Primitively as pronounced in the Clause 49 of the Listing Agreement, the evaluation of the Board was not a compulsory criterion. The evolution of the same was initiated by the amendment in the Companies Act 2013, along with theSecurities and Exchange Board of India (SEBI) (Listing Obligations and Disclosure Requirements) Regulations, 2015, revising the Clause 49 by terming the evaluation process mandatory for the Board as well as the Independent Directors. SEBI issued a guideline paper to educate firms and their boards on the review process’s numerous facets. According to SEBI’s directive, the company’s board of directors and independent directors should be evaluated using criteria developed by the company’s nomination and compensation committee. Each director’s performance would be assessed.

Additionally, The Companies Act provides further guidance on Board Evaluation beyond that provided by SEBI which includes, a statement detailing how the Board, its committees, and individual directors have been evaluated formally annually must be included in the report by the Board of Directors of a listed business and any other public corporation having such paid- up share capital as may be required and the role and responsibilities of the Nomination and Renumeration Committee.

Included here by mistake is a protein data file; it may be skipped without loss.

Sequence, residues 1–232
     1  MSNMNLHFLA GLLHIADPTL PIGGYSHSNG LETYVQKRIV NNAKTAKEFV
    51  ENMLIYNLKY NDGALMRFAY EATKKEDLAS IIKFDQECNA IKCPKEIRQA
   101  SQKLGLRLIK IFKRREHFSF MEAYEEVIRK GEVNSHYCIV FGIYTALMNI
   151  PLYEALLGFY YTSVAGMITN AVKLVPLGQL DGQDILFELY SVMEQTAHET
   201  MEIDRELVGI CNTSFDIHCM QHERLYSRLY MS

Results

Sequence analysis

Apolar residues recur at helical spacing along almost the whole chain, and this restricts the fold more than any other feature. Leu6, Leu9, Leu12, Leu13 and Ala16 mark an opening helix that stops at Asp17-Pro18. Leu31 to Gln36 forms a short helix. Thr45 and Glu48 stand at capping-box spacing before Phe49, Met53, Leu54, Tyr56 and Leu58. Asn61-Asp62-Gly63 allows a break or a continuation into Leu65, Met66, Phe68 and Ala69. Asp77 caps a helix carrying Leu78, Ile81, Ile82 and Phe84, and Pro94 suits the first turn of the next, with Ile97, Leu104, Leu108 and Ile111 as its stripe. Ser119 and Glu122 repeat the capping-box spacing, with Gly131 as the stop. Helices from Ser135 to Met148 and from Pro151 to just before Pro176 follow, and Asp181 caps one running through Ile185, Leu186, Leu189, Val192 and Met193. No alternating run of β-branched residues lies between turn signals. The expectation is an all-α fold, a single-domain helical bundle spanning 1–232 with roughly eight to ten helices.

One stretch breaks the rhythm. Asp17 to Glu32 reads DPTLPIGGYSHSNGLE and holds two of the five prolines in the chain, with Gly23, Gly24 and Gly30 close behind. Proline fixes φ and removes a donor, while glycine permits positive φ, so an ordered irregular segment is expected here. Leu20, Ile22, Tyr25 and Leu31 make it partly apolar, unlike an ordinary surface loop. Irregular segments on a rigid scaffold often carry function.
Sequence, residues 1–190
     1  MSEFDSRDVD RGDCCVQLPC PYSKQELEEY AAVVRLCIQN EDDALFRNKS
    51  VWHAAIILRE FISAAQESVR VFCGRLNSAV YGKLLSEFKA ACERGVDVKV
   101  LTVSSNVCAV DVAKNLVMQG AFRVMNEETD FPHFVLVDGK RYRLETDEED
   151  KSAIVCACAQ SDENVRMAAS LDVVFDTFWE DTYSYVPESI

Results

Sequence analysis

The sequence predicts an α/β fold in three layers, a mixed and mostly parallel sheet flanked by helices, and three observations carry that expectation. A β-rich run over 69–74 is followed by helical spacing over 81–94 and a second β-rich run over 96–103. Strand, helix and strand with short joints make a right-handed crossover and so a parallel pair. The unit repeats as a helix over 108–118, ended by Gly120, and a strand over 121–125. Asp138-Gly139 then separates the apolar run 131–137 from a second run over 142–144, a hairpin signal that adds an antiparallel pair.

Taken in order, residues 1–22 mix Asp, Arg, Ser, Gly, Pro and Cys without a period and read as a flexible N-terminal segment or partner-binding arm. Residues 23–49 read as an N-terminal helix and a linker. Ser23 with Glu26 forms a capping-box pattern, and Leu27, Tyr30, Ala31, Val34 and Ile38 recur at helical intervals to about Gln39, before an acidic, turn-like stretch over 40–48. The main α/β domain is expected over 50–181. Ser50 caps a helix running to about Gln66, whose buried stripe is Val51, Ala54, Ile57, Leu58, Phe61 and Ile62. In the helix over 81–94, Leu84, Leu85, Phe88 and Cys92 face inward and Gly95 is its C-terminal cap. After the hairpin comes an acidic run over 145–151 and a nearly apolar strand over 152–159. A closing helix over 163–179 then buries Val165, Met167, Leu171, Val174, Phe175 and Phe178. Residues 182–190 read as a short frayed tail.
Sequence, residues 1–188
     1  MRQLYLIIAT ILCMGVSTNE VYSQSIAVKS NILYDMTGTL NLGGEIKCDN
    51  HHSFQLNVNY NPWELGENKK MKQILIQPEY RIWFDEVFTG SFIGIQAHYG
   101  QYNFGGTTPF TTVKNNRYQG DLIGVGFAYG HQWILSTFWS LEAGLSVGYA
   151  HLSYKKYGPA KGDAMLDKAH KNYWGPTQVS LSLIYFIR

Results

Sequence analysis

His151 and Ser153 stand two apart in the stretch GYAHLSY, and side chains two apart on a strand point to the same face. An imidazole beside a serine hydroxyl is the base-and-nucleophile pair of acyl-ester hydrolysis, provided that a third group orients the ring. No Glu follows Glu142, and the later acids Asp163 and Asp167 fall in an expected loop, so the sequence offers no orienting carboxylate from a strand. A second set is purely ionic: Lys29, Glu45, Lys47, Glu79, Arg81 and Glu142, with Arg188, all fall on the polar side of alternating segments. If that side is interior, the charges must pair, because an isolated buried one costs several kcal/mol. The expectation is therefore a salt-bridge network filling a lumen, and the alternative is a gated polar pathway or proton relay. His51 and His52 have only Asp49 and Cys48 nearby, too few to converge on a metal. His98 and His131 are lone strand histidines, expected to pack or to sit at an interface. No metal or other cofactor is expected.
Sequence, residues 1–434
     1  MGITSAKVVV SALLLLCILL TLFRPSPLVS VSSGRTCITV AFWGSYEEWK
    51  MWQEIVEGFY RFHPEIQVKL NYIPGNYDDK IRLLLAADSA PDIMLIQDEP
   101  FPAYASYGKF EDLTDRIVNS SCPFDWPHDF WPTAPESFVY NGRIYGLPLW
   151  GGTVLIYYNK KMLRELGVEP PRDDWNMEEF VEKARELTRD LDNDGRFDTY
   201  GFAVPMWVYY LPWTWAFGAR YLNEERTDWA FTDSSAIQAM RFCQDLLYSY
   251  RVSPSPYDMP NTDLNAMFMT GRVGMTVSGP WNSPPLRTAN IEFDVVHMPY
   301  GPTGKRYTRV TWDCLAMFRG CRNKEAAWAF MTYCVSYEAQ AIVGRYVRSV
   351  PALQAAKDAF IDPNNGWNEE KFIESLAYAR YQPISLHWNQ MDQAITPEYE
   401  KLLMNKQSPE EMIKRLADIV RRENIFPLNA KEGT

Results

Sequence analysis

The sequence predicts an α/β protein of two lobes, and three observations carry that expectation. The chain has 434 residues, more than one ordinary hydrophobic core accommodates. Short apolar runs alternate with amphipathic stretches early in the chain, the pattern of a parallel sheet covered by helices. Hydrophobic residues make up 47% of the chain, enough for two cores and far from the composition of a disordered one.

To critically analyse the first required assessment exercise given in March 2015, there has been a wide range of compliance from organisations, with many being willing to follow simple protocols when conducting evaluations. Some businesses utilise questionnaires using Likert-style rating scales, while others rely on one-on-one interviews and peer reviews, and still others use internal procedures and/or external consultants to perform evaluations. Despite the fact that nearly every Indian firm may benefit from disclosing improvement areas indicated by the board during the evaluation process, hardly none of them do so. Therefore, The Securities and Exchange Board of India (SEBI) issued a “guidance note” in January 2017 to address these concerns and to provide listed businesses with clear guidelines on the numerous components and complexities involved in the appraisal process.